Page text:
Electric Brewing Supply 30A BCS Giveaway!


Home Brew Forums > Home Brewing Beer > All Grain & Partial Mash Brewing > BIAB: adding grains before heating water?
Reply
 
LinkBack Thread Tools
Old 01-30-2012, 08:41 PM   #1
Boek
Feedback Score: 0 reviews
Recipes 
 
Join Date: Jan 2012
Location: , Michigan
Posts: 107
Default BIAB: adding grains before heating water?

Could I add my grains to the water in the kettle and then raise the mix to mash temps? Any advantages or disadvantages?

__________________
Boek is offline
 
Reply With Quote Quick reply to this message
Old 01-30-2012, 08:59 PM   #2
RM-MN
HBT_SUPPORTER.png
Feedback Score: 1 reviews
Recipes 
 
Join Date: Nov 2010
Location: Solway, MN
Posts: 6,826
Liked 779 Times on 650 Posts
Likes Given: 268

Default

You'll find this to be very difficult. It will take constant stirring and measuring the temperature to keep from overshooting the temperature. Far better to use a calculator for strike water temperature and mix the grain it.

I've tried to gently add a little heat when my BIAB mash was cooling too much but I ended up with a sudden temperature rise rather than the nice slow one I expected.

__________________
RM-MN is offline
 
Reply With Quote Quick reply to this message
Old 01-30-2012, 09:24 PM   #3
Number2
Feedback Score: 0 reviews
Recipes 
 
Join Date: Jul 2011
Location: Highland, Ca
Posts: 82
Liked 1 Times on 1 Posts
Likes Given: 3

Default

I guess you could do it it. I wonder if having the grain at a lower temp than you actually plan to mash at for a while as the temp is rising would create a thinner beer.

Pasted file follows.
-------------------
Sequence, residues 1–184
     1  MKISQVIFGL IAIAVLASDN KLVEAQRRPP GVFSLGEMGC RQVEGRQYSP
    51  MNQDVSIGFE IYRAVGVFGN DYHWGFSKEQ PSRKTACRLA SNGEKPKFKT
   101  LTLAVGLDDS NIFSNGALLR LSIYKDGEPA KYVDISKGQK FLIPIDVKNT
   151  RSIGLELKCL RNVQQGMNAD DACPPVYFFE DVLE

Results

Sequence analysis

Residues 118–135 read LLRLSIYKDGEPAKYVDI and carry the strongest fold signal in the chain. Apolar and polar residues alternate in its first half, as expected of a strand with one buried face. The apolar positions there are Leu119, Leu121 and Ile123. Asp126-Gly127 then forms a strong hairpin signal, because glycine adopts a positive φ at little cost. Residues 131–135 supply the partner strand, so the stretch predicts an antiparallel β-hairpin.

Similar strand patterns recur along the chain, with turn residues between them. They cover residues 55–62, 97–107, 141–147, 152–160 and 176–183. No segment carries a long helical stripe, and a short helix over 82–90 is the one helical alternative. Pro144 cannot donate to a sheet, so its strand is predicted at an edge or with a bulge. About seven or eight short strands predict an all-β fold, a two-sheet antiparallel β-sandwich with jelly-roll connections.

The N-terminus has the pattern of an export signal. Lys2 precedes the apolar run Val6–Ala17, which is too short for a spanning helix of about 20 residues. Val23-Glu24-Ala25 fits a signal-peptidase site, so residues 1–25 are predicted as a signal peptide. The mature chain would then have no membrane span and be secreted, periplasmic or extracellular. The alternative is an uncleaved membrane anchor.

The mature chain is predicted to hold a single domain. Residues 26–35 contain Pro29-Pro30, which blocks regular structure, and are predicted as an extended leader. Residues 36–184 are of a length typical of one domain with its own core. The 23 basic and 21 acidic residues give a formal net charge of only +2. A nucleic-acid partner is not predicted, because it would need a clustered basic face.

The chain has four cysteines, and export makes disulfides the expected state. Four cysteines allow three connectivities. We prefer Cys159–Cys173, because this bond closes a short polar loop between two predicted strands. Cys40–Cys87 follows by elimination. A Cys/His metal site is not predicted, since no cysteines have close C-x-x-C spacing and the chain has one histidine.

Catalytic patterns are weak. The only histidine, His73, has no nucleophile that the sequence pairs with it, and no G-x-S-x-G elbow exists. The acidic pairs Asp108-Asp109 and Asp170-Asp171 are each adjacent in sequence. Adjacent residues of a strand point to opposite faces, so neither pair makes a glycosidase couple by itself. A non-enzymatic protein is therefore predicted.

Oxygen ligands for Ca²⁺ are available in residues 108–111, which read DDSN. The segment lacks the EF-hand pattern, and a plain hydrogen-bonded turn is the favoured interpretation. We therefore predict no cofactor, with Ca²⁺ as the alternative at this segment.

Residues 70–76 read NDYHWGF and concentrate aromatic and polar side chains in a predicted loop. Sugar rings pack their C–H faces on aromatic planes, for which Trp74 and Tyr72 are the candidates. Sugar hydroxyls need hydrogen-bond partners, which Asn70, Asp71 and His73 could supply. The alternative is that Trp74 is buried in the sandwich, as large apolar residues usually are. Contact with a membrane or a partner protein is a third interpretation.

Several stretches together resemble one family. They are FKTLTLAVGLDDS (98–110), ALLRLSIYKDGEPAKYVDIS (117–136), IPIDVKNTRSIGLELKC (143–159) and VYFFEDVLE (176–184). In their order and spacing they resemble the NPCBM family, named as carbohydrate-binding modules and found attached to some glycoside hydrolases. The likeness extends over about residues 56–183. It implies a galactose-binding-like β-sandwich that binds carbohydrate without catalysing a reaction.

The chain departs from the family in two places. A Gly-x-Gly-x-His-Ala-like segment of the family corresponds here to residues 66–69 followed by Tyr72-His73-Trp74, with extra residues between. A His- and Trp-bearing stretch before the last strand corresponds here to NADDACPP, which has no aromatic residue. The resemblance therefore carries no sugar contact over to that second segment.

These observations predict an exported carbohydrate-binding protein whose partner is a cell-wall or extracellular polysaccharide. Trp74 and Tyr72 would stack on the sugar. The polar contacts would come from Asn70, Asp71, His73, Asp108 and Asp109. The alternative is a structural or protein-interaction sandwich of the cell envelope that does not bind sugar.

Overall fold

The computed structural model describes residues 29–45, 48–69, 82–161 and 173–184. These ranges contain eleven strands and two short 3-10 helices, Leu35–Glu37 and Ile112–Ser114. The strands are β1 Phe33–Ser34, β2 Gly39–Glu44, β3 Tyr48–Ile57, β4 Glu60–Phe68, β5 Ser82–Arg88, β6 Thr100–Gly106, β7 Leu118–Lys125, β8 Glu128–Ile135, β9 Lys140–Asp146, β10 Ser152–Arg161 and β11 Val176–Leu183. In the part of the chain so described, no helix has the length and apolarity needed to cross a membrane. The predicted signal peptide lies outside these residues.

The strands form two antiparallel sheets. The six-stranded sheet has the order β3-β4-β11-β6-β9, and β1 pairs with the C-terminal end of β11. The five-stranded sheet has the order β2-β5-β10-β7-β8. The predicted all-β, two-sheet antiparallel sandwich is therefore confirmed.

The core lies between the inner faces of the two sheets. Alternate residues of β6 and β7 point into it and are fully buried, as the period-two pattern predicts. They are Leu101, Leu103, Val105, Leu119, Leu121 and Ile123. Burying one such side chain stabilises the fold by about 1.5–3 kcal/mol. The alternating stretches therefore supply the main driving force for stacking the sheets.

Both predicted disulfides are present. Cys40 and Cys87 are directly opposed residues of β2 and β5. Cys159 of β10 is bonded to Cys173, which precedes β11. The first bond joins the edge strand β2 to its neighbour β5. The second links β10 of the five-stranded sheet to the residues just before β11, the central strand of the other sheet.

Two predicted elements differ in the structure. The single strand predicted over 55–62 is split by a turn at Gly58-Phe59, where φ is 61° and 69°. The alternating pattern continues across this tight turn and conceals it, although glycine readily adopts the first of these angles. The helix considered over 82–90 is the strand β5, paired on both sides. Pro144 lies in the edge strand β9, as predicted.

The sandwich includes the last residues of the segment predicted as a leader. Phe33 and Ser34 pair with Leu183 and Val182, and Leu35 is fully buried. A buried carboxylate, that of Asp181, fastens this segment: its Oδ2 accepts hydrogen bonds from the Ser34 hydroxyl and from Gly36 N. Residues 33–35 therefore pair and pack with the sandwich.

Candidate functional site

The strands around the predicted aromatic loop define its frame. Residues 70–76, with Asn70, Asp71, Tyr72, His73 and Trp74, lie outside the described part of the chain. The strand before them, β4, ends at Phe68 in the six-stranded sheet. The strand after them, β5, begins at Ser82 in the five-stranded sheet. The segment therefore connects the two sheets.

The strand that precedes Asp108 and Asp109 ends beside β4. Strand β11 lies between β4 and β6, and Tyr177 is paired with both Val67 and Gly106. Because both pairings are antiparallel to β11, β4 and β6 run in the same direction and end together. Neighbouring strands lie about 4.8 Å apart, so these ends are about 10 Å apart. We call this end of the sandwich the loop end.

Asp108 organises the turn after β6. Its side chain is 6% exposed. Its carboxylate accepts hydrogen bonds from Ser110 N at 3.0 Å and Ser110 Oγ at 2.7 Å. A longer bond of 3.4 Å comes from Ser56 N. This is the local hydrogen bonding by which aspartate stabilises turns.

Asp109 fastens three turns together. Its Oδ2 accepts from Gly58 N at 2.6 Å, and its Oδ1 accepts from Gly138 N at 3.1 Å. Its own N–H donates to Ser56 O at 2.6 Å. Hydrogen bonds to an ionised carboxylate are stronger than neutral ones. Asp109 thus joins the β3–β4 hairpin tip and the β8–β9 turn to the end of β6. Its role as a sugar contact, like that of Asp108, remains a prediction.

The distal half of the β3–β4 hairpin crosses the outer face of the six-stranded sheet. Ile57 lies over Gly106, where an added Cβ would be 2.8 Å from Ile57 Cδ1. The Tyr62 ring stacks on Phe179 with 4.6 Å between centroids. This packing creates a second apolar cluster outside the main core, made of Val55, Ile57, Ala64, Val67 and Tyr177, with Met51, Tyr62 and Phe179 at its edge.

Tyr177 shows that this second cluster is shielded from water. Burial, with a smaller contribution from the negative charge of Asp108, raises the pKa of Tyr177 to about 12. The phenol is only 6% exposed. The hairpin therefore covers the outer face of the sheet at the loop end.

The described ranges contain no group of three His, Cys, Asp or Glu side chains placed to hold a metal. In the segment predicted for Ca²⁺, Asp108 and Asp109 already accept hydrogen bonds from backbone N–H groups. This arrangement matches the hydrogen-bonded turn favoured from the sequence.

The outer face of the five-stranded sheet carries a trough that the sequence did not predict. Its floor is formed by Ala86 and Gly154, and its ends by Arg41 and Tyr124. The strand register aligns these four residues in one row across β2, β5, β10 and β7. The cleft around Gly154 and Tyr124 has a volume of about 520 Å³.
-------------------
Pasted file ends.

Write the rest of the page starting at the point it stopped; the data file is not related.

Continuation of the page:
Why are you considering this?

__________________

Reach high, Think big, Work hard, Have fun.

Number2 is offline
 
Reply With Quote Quick reply to this message
Old 02-01-2012, 02:00 AM   #4
eulipion2
HBT_SUPPORTER.png
Feedback Score: 0 reviews
Recipes 
 
Join Date: Sep 2006
Location: Hawley, PA
Posts: 1,400
Liked 36 Times on 34 Posts
Likes Given: 2

Default

I've been doing this since I started BIAB about 2 years ago. Beer turns out fine, but you do need to stir continuously as you approach your target temp or risk overshooting.

__________________

On-Deck: Brewpastor's Dark Night of the Soul; Avery Hog Heaven clone

Primary:

Kegged: Perry; BierMuncher's OktoberFAST; Emmdub23's Belma Stout; Mosaic pilsner; Fir tip Maibock; Session IPA; Dry Apple Cider;

Bottled: Pumpkin Saison; Bacon488's Mild; Quad; Saison Americain; Tripel; Session Saison; Grodziskie; Belma Session Saison; Coffee Saison
eulipion2 is offline
 
Reply With Quote Quick reply to this message
Old 02-01-2012, 03:19 AM   #5
Parkinson1963
Feedback Score: 0 reviews
Recipes 
 
Join Date: Jan 2010
Location: Ontario
Posts: 91
Liked 2 Times on 2 Posts

Default

I usually add my grains at about 10c below mash temp and stir and heat until mash temp.

Don't need no stinking calculations

__________________

Parkinson's Law of Beer "Thirst increases in proportion to the amount of beer available"

http://www.homebrewtalk.com/f36/biab...n-make-240401/

Parkinson1963 is offline
 
Reply With Quote Quick reply to this message
Old 02-01-2012, 04:43 PM   #6
TopherM
Vinz Clortho - the Keymaster of Gozer the Gozerian
HBT_SUPPORTER.png
Feedback Score: 0 reviews
 
TopherM's Avatar
Brew Setups
Recipes 
 
Join Date: Mar 2011
Location: St. Petersburg, FL
Posts: 3,868
Liked 422 Times on 335 Posts
Likes Given: 22

Default

I think that some % of the complex carbohydrates would be washed from the grain at the lower temps before the temperature triggered the enzymes that break down these sugars to simple sugars that yeast are able to eat.

I don't know what that % would be, but to some extent, you'd lower your efficiency and produce a lower bodied beer.

I don't know the exact chemisty, just the higher level processes, but I do know that the difference between mashing at 148 and mashing at 156 is a good 5-10% in gravity points due to the same enzyme issues as above, so depending on how long you left your grain soaking in water while you were heating up to your mash temps, I think you'd be surprised how much you'd affect your efficiency, gravity, fermentables, and unfermentable complex sugars left over in your final beer.

I wouldn't mess with it.

__________________